Observe also how transformations are used as origin stories. The story of the unfortunate Myrrha is also the story of the origin of Myrrh, one of the fragrant oils used in various sacraments.

Venus and Adonis: The troubled lineage continues with the story of Adonis, son of Myrrha and her father, Cinyras. How does Ovid present Venus, the goddess of love? How about Adonis’s characterization? What do you notice about the relationship between Venus and Adonis?

Another origin story about red anemone flowers from the blood of the dead Adonis.

Ovid’s Metamorphoses and the Greek/ Roman myths have been a rich source material for artists and writers across cultures through centuries. Here is a frightening poem by the great poet W. B. Yeats – Leda and the Swan – about Jupiter’s rape of Leda. Jupiter visits her in the form of a swan. You will see the historical scope of the myth—myths create historical continuity for a people—in the reference to “the broken wall, the burning roof and tower and Agamemnon dead.” The reference is to the birth of Helen, the child of this union, who is the direct cause of the war between Greece and Troy recounted in Homer’s Iliad.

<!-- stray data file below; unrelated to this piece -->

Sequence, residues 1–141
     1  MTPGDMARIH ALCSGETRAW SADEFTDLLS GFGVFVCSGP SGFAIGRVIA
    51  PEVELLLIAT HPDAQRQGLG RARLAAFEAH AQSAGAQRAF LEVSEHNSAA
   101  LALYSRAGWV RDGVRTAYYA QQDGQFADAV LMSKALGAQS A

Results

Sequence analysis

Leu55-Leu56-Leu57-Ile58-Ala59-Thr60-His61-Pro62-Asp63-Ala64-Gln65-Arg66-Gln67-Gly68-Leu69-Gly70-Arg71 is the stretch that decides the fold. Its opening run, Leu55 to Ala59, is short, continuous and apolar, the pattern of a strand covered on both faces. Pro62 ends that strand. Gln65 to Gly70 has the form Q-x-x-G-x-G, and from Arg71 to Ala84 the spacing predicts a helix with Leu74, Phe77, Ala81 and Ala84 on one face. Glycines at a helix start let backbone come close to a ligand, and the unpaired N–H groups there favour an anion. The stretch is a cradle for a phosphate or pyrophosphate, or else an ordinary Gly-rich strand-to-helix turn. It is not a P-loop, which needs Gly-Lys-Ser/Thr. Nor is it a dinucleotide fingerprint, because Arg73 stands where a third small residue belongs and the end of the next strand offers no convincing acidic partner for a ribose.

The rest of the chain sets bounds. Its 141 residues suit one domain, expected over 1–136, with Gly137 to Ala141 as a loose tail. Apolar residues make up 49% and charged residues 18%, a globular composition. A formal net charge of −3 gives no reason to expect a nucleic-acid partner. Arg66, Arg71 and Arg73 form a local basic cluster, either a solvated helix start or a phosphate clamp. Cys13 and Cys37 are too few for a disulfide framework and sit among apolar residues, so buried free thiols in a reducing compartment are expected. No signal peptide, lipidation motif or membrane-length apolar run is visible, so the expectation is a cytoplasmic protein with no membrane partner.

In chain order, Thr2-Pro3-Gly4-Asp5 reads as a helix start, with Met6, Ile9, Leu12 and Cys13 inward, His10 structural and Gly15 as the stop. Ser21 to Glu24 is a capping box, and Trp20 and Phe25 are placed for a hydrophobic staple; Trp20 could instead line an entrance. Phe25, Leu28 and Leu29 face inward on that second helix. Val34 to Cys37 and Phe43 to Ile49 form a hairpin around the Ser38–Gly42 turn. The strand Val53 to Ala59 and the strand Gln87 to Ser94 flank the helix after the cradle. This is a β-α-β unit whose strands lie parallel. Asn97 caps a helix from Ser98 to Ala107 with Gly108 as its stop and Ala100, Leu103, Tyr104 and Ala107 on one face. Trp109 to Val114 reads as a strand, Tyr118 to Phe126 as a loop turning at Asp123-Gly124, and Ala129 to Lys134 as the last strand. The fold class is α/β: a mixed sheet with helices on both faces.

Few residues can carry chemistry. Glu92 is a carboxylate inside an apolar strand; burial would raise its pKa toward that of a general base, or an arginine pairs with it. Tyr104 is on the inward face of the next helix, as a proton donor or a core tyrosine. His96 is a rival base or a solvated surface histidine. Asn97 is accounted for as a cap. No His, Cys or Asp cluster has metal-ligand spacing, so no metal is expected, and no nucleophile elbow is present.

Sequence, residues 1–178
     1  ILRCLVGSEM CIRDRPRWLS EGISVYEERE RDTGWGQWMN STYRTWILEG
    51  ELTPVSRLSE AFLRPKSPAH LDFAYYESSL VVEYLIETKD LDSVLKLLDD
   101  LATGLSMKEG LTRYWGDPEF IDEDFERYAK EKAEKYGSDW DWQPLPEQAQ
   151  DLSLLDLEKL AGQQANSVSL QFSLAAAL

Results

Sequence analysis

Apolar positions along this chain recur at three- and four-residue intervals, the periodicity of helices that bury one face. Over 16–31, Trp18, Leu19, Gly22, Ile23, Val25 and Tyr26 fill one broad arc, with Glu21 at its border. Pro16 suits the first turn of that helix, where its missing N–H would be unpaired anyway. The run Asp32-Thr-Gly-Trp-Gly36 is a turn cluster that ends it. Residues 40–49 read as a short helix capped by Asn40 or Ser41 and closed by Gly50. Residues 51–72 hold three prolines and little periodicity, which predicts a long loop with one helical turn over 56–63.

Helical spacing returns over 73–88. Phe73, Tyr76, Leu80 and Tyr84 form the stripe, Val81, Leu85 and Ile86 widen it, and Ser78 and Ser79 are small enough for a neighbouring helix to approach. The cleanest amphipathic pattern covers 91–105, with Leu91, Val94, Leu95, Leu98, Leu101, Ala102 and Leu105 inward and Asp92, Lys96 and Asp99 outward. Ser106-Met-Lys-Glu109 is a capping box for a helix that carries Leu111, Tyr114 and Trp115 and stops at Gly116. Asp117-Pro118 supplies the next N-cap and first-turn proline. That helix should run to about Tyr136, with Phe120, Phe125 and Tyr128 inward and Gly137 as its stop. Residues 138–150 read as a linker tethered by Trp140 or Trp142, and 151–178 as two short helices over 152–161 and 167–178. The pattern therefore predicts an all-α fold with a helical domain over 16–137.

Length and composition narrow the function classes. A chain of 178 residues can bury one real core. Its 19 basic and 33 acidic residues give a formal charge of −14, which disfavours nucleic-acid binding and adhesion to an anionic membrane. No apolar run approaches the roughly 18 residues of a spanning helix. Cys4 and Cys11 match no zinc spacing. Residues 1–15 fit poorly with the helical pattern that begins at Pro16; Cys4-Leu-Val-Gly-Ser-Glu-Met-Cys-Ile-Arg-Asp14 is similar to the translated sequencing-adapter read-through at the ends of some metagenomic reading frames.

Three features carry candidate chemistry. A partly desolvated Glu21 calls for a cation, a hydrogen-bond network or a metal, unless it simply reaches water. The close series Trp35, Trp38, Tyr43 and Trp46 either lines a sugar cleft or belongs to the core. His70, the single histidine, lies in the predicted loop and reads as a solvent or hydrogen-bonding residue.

A sudden blow: the great wings beating still

Above the staggering girl, her thighs caressed

By the dark webs, her nape caught in his bill,

He holds her helpless breast upon his breast.

How can those terrified vague fingers push

The feathered glory from her loosening thighs?

And how can body, laid in that white rush,

But feel the strange heart beating where it lies?

A shudder in the loins engenders there

The broken wall, the burning roof and tower

And Agamemnon dead.

Being so caught up,

So mastered by the brute blood of the air,

Did she put on his knowledge with his power

Before the indifferent beak could let her drop?

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Responses

  1. […] June 5, 2010 by chinarose Kaivalya provides a more detailed explication of the text. Thanks! Dr. G. Devi English 220 Ovid – The Metamorphoses (7 CE) Ovid was born the year after Julius Caesar’s assassination (43 BCE) and lived during the prosperous period of pre-Christian Roman empire writing about the racy lives of the Roman elite, seduction manuals (for both men and women), but also unforgettable retellings of Greco-Roman myths. Ovid’s seduction manuals were very popular with his Roman readership but towards the middle of his life he w … Read More […]